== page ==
Debate over cooperation or protest

The Congress was divided upon its response to India's entry into World War II. Angry over the decision made by the Viceroy, some Congress leaders favoured launching a revolt against the British despite the gravity of the war in Europe, which threatened Britain's own freedom. Others, such as Chakravarti Rajagopalachari, advocated offering an olive branch to the British, supporting them in this crucial time in the hope that the gesture would be reciprocated with independence after the war. The major leader, Mohandas Gandhi, was opposed to Indian involvement in the war as he would not morally endorse a war and also suspected British intentions, believing that the British were not sincere about Indian aspirations for independence. But Rajagopalachari, backed by Sardar Vallabhbhai Patel, Maulana Azad and Jawaharlal Nehru held talks with Cripps and offered full support in return for immediate self-government, and eventual independence.

Jinnah, the leader of the Muslim League, supported the war effort and condemned the Congress policy. Insisting on a Pakistan, a separate Muslim state, he resisted Congress's calls for pan-Indian cooperation and immediate independence.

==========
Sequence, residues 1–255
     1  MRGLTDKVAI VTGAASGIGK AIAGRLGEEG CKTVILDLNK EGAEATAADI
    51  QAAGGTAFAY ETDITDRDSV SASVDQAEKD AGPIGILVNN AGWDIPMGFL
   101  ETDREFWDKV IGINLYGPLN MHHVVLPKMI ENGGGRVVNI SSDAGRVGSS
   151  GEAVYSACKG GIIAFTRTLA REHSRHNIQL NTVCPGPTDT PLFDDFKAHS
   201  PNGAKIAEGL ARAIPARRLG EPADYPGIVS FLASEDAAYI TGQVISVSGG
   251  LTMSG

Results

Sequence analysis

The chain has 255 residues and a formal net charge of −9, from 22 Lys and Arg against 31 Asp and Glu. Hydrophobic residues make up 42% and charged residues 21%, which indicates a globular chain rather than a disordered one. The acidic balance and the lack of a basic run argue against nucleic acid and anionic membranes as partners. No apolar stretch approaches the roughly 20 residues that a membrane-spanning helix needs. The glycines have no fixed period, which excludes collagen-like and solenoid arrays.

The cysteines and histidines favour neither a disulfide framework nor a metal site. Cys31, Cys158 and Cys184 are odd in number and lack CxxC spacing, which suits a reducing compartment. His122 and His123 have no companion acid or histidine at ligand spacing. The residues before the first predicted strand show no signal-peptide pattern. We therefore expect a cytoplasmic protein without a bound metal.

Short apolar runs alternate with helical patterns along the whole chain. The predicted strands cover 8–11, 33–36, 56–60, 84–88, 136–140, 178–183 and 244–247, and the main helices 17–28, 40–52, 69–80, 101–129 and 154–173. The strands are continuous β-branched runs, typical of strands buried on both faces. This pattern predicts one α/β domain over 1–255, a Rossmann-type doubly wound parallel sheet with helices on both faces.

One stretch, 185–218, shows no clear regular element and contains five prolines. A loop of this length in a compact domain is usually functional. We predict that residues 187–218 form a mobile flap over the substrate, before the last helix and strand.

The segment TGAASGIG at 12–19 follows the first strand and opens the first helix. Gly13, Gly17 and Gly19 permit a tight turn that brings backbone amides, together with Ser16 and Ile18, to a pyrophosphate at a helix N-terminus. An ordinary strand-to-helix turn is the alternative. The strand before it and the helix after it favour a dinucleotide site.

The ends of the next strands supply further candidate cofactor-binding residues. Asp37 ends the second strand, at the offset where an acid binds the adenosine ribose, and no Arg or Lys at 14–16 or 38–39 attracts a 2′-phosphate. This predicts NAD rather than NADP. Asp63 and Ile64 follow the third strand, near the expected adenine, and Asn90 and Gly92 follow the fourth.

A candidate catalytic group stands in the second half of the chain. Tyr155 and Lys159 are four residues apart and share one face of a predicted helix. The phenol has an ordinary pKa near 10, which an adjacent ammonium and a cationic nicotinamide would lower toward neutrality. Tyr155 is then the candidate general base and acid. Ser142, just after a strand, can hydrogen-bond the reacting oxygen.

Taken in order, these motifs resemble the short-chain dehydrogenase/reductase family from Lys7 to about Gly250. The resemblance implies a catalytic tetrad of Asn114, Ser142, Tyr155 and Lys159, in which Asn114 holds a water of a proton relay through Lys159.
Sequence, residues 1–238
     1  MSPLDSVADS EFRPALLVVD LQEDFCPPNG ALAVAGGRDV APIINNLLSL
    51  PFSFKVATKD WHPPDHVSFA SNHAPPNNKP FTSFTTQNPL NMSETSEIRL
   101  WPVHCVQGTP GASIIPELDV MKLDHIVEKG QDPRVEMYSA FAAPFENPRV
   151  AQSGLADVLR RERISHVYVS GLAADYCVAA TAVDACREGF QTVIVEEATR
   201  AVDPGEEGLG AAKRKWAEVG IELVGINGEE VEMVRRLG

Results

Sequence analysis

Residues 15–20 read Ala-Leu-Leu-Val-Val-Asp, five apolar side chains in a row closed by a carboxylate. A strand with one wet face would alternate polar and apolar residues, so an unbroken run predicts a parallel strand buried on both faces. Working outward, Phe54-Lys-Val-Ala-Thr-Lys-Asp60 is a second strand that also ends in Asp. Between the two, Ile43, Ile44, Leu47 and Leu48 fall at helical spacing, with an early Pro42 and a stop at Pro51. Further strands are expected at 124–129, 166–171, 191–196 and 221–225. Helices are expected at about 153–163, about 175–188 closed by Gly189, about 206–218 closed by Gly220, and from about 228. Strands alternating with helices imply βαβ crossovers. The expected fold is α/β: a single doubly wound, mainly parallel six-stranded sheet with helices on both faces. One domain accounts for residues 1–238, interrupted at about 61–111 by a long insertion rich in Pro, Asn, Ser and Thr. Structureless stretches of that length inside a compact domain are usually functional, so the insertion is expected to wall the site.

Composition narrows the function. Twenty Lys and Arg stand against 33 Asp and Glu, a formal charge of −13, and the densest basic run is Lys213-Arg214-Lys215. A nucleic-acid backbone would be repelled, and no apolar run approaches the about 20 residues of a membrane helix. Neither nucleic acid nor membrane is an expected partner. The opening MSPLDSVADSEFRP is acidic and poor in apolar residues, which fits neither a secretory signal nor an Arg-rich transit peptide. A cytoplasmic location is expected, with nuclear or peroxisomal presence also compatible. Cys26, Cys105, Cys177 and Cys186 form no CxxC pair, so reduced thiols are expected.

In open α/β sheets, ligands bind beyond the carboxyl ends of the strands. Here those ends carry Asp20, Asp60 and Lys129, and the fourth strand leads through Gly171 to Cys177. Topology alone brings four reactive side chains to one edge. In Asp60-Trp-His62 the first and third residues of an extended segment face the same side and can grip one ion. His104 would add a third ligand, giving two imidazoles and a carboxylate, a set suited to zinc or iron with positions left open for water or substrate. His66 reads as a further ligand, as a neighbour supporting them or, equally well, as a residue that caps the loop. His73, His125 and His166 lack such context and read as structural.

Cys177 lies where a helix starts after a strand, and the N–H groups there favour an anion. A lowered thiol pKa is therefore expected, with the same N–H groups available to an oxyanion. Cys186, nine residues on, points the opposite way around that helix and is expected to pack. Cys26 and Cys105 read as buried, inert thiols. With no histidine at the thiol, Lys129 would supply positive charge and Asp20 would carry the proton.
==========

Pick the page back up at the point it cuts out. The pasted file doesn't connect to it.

Cripps in India

Cripps meeting Mahatma Gandhi during the Second World War

Upon his arrival in India, Cripps held talks with Indian leaders. There is some confusion over what Cripps had been authorised to offer India's nationalist politicians by Churchill and Leo Amery (His Majesty's Secretary of State for India), and he also faced hostility from the Viceroy, Lord Linlithgow. He began by offering India full dominion status at the end of the war, with the chance to secede from the Commonwealth and go for total independence. Privately, Cripps also promised to get rid of Linlithgow and grant India Dominion Status with immediate effect, reserving only the Defence Ministry for the British.

However, in public, he failed to present any concrete proposals for greater self-government in the short term, other than a vague commitment to increase the number of Indian members of the Viceroy's Executive Council. Cripps spent much of his time in encouraging Congress leaders and Jinnah to come to a common, public arrangement in support of the war and government.